Sold for $1,870,000 at 2011 Automobiles of Arizona by RM Auctions.
Chassis #: 0024M
The normal strategy for many car manufacturers can be summed up in one statement: 'What wins at the track on Sunday will sell in the showroom on Monday'. Nowhere was this strategy more evident than with Ferrari's 166. Ferrari's 166MM became the company's first real successful sports car in what would become an extensive lineage.
Ferrari had mainly focused on making single-seat race cars for grand prix races. Enzo Ferrari had gotten his start making such cars under his own name all the way back in the late 1920s. This venture was funded by car manufacturer Alfa Romeo. Ferrari was motivated to head out on his own after Alfa Romeo decided to take everything Enzo had been designing and putting their name on his work.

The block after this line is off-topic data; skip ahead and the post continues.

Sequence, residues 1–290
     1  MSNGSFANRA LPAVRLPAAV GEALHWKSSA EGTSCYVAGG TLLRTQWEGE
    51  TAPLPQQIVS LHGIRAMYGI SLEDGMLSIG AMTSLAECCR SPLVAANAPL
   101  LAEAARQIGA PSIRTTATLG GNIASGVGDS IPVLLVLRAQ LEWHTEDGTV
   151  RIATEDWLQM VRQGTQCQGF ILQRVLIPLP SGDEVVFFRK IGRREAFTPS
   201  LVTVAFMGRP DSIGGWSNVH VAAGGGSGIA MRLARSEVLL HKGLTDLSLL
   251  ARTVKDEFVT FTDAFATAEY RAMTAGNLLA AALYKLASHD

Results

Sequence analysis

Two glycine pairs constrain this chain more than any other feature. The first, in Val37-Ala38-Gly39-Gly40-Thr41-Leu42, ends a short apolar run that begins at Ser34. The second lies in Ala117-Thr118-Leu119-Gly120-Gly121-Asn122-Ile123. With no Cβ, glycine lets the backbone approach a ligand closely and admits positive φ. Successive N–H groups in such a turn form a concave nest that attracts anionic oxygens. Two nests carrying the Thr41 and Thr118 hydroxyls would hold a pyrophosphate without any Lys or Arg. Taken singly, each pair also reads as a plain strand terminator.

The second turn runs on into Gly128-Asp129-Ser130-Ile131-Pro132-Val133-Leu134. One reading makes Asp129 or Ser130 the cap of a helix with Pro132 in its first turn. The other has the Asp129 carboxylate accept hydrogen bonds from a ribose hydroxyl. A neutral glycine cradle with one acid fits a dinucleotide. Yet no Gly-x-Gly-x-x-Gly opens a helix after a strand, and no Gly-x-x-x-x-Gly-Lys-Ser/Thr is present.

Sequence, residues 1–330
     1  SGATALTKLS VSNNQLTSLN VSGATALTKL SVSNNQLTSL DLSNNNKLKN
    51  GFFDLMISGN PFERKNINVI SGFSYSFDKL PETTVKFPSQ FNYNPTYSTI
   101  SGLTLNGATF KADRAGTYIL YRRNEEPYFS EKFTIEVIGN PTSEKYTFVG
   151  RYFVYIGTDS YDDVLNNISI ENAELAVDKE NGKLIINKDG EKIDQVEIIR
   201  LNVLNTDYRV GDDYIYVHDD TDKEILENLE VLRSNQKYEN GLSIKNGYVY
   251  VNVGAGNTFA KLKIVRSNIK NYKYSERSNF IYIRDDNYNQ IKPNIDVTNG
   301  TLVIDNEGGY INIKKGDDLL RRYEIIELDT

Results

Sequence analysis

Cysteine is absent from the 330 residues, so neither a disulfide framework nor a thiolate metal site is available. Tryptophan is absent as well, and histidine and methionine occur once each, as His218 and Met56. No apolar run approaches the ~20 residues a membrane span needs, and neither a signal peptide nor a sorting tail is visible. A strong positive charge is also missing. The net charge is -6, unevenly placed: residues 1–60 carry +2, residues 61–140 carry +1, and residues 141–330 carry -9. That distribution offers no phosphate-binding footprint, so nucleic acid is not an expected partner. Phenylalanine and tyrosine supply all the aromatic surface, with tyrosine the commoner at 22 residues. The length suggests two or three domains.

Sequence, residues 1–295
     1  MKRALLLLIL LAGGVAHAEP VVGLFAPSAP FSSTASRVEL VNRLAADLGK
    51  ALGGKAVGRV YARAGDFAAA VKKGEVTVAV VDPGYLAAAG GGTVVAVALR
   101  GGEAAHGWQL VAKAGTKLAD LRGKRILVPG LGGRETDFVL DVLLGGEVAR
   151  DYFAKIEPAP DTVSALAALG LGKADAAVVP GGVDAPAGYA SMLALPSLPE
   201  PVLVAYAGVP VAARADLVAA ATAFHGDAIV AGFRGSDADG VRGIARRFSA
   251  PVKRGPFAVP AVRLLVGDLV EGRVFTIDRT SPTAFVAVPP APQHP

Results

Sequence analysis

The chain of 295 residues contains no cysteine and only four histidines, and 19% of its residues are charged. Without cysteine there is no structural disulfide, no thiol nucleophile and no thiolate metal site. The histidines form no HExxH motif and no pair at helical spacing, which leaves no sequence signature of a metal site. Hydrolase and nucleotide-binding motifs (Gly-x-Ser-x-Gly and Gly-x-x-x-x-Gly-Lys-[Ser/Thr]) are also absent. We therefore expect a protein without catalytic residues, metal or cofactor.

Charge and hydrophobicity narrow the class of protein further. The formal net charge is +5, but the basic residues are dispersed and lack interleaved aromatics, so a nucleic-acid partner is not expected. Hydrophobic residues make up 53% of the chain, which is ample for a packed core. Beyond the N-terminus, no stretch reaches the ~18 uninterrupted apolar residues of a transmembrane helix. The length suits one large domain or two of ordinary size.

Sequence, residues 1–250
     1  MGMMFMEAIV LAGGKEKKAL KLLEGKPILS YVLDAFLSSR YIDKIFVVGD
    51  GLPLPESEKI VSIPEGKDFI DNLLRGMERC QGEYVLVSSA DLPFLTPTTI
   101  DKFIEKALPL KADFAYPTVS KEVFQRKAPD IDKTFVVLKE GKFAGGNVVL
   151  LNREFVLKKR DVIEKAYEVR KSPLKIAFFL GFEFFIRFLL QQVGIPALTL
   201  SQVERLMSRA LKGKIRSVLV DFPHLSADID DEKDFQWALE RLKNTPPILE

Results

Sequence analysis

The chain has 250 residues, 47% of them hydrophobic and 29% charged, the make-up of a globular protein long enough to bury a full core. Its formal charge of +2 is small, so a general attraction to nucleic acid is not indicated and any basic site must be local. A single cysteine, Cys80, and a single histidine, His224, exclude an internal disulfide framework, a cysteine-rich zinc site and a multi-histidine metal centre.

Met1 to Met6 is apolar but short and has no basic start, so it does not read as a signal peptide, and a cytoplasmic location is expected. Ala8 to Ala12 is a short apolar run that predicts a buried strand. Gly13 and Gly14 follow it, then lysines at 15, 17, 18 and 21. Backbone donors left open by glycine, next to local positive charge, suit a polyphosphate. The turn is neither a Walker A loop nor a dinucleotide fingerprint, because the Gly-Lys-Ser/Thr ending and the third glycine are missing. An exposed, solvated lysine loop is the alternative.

After World War II, Enzo Ferrari got his company working in full-swing. He designed the chassis and hired fellow Alfa employee Gioacchino Colombo to design and build competitive engines.
During the mid-1940s, Ferrari and Colombo created the 125 S sports car. The 125 S was re-designed to a certain degree and became a car for the city streets. The street version was called the 166 Inter.
Ferrari created another version of the 166 called the 'S'. This 'S' model would propel Ferrari into the market of desirable street versions of the company's awesome sports cars.